“I felt so much contradiction”, my interlocutor said. This is the way one of three people, involved in a tour at LUNAR concluded before she left Readytex Art Gallery. When her eyes crossed mine, she seemed amazed by the diverse narratives entangled in a complex conversation; in different categories; in different nuances of the ‘same thing’… Femininity. Community. Hope.
She was moved by this exhibition. Shortly before her conclusion, I asked: “Is there something you would like to share about the painting Belief?” In her answer my interlocutor took me through an inclusive array of hope she felt in encountering LUNAR. Comparing hope in the painting Belief by Shaundell Horton to hope in the painting Untitled by Sunil Puljhun, where I talked about some form of hope, she argued: “Both paintings show the image of people pointing their arms to the sky; however, in Belief it is certain that the visual language expresses something different than in Untitled.” Her eyes stared at the contradiction in these works.
This spell of contradictions continues. In the installation Wi Tru Fesi, translated as Our True Nature, Shaundell’s and Sunil’s metaphorical self-portraits are connected and contradicted. If you look carefully, both are drawing your attention to expression. However, different! In the image of Shaundell’s collage Untitled you are looking at a mother who is being forced into silence, and Sunil’s painting Cry 2 is showing you a screaming child. Further encountering with Wi Tru Fesi brings you to Kurt Nahar his ‘self-portrait’ that is celebrating spirits of the Earth. “It requires to show respect, since I am aware not to touch the clay bricks installed in this work, due to the sacredness of the yellow candle between the bricks”, my interlocutor beliefs. This metaphor in Wi Tru Fesi shows a relation between the Sun and the Earth, in which your attention probably is moving constantly from the neon triangles on the wall, that are installed as sun rays as crown holding the scaredness of this crossroad spirit, to the yellow candle on the floor.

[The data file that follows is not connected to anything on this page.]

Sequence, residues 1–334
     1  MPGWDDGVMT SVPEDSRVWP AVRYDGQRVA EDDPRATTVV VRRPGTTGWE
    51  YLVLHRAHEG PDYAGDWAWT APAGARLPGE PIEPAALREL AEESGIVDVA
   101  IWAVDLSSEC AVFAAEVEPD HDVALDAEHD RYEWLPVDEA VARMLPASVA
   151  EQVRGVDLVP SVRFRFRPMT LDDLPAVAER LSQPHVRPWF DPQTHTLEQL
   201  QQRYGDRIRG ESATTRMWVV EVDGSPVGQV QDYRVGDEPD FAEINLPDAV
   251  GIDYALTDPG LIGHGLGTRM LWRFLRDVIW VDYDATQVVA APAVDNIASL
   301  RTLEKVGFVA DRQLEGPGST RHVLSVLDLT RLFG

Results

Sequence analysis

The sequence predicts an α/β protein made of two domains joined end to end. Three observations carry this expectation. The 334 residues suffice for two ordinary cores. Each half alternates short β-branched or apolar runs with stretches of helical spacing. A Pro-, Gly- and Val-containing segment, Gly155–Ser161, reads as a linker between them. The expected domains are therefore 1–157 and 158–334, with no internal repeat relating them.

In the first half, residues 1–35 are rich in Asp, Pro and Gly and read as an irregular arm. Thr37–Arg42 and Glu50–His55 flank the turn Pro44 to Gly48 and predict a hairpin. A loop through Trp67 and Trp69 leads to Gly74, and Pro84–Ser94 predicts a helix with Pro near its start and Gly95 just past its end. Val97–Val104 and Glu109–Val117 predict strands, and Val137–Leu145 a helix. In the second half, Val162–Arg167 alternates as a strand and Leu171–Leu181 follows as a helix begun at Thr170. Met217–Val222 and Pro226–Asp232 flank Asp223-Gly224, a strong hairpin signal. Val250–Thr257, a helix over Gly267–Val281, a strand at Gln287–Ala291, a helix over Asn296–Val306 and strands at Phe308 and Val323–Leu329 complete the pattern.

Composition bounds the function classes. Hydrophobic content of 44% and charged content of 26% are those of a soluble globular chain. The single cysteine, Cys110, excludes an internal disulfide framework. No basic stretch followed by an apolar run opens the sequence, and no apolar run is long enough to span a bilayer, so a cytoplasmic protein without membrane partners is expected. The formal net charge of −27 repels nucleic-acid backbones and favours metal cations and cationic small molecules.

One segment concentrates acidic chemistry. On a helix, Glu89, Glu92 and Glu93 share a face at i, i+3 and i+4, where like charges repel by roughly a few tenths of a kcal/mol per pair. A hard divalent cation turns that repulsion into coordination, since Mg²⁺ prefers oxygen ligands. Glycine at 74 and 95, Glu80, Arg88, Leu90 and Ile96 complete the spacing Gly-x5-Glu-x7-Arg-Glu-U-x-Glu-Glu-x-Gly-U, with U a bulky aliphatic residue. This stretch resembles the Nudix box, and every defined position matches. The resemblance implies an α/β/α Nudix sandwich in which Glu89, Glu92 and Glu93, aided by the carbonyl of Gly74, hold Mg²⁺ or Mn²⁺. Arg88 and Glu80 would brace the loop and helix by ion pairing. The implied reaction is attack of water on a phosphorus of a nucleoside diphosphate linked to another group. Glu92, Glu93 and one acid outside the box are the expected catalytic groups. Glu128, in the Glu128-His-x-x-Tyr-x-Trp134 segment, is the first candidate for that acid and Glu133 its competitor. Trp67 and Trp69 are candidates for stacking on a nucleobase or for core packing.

In front of the installation Tree of Life by Shaundell, my interlocutor reflects. She is aware how much Shaundell and Kurt allow themselves to dream but at the same time stand firm in the earth. Slowly my eyes move to the installation Letters from Mexico, built with paintings by the late Erwin de Vries, with a poem for his 75th birthday by Kurt and a blank carbon for spectators and their imagination to hope. My mind concludes: “Had the mysterious gaze of the portrait Sri that baptized visitors of LUNAR, done its work properly?”
This exhibition is an ecology of legacies. It brings living and deceased artists together and invites spectators to join their community. In this sense, LUNAR not only shows how community is essential. In the context of this manifestation, I think of community as a way that transcends power, to find strength.